Barriers to Overcome in Getting Someone to Rehab

addict sitting in dark hallway

When a family is trying to save a loved one from the perils of addiction, the obstacles to success often seem overwhelming. The first step to lowering those barriers is understanding them. Let’s look at some of the reasons recovery for a loved one can look impossible and how to overcome them.

1. Know it really is addiction and know rehab is the answer.

In most cases, addiction has existed for a considerable time before a family adds up all the little problems and realizes the real situation they are facing. The addicted person does his best to conceal the signs of drug use and manipulate those around him. And most parents aren’t educated on what addiction looks like. If the situation and problems go on and on, and if the individual has promised to do better and has failed to keep that promise, it’s time for rehab. That is the only safe and acceptable solution because the person has shown that addiction has more power over him than he has over himself.

2. Locating your loved one.

It’s not unusual at all for the addicted person to be out of touch, especially if addiction has gone on for quite some time. You may have to find him before you can talk about rehab. If he no longer has an established home, of course you will check with relatives or any friends you know about. If you can reach him, you can persuade him to visit you for a holiday or other event, or offer some incentive for him to show up. If this is the route you take, you should have other support people with you when he shows up to help you convince him to go to rehab. Choose stable, mature family, friends or professionals like a priest, coach or favorite teacher to support your purpose of getting the addicted person to choose rehab.

3. Help them see their self-worth.

Heavy drug use takes a terrible toll on a person’s morale and self-respect. Especially with the most damaging drugs like heroin, painkillers, crack cocaine and methamphetamine, it’s common for an addicted person to not care if he lives or dies. He certainly doesn’t think he’s worth saving and usually feels like his family (that he’s harmed so many times) should not “waste” any more money on him. You’re going to have to gently but firmly remind him of all the good he did before he was addicted and try to get him to realize that after rehab, he can be that good person again.

It’s vital to remember that at heart, he knows the truth. He knows that it’s the drugs that have ruined him. He knows his own worth. But it’s buried under tons of hopelessness. Be gentle. The goal is to see a little light dawn in his eyes again.

4. Help them overcome their fear of withdrawal.

Many addicts have been through cold turkey withdrawal one or more times and have a deep dread of ever experiencing it again. When an addicted person arrives at a Narconon center for his recovery, his withdrawal is thoroughly and expertly supported with around-the-clock help. Generous nutritional support helps ease the worst of withdrawal sickness and pain and one-on-one work with staff help keep a person’s outlook brighter. Gentle exercises extrovert a person—many people say the exercises help them “stay out of their heads”—and make the process as positive as possible.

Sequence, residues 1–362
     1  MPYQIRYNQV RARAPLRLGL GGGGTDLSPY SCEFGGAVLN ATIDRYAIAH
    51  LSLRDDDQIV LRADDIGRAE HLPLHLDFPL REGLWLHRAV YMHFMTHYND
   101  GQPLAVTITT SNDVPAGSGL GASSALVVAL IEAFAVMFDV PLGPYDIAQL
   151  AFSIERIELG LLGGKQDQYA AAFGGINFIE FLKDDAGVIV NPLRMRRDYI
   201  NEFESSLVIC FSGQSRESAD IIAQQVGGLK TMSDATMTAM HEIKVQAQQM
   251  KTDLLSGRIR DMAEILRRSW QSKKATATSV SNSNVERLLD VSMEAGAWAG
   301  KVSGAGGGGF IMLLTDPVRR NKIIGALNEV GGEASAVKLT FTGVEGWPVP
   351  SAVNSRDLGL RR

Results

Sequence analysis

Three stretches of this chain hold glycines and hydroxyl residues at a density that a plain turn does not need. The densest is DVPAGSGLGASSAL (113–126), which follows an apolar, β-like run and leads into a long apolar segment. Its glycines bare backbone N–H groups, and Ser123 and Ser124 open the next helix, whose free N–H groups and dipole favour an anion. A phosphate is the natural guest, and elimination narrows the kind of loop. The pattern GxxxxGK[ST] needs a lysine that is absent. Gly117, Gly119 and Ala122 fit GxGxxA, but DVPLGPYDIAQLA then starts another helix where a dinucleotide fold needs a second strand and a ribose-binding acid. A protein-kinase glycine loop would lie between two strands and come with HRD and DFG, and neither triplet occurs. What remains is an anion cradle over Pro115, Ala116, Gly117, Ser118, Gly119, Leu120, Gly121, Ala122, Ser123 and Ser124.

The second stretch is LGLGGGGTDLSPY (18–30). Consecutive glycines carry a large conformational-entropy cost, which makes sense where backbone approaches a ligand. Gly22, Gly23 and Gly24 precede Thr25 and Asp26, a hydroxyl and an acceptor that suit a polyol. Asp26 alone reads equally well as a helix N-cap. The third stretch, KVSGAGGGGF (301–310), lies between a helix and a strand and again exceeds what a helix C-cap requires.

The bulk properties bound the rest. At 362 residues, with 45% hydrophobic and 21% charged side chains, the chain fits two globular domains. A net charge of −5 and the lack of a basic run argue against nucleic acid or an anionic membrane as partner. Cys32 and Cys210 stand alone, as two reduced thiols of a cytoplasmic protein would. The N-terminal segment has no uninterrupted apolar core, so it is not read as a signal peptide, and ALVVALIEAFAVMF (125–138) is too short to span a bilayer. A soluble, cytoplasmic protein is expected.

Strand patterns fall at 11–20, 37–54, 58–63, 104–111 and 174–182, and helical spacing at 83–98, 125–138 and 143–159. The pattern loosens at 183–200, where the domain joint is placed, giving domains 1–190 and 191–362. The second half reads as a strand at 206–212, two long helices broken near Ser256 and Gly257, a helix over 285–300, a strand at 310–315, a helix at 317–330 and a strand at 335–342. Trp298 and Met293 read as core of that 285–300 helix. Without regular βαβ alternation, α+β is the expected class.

5. Give them hope of an enjoyable life after addiction.

Along with losing their self-worth, an addicted person fears that life will never be enjoyable again if they get sober. You will have to remind them of how rewarding life can be on the other side of rehab. Help them envision the individual accomplishments you know they would value—getting their kids back, being back in touch with family or friends, maybe finishing school. Maybe they like sailing or cooking or building things or mountain biking. Be careful not to overwhelm them with goals that might be too grand for the moment. Remind them that a sober life can have both small and large joys and they can experience those joys again.

6. What if your efforts fail? You’ll need an interventionist.

If you try your best and he doesn’t agree to go to rehab, you still have a card to play. A professional interventionist has experience working an addicted individual through these changes and more, and he’s not emotionally tied up in the situation like a parent or family member. If you don’t know any interventionists, Narconon Ojai can help you find one. Contact us at 1-877-936-7435.

7. Keeping them in rehab.

Once a person is safely in rehab, the challenge shifts to keeping him there. In most centers, there’s a wait period before a person can call home while he makes an initial adjustment to being in rehab and goes through withdrawal. Once those calls come, you may hear a bitter string of complaints and accusations about the center and staff. In the vast majority of cases, this phenomenon occurs because the addicted person feels compelled to get out of that safe place and go back to using drugs. Of course, there are occasionally bad centers and staff. It’s smart to get to know one or two people at the center you feel comfortable with that you can consult about any problems. You will also need to be prepared for this probability and know how you will handle it. You will have to be ready to refuse to come pick him up or provide financial support so he can leave. Without other options, he’s more likely to focus on his recovery.


Sue Birkenshaw

Sue has worked in the addiction field with the Narconon network for three decades. She has developed and administered drug prevention programs worldwide and worked with numerous drug rehabilitation centers over the years. Sue is also a fine artist and painter, who enjoys traveling the world which continues to provide unlimited inspiration for her work. You can follow Sue on Twitter, or connect with her on LinkedIn.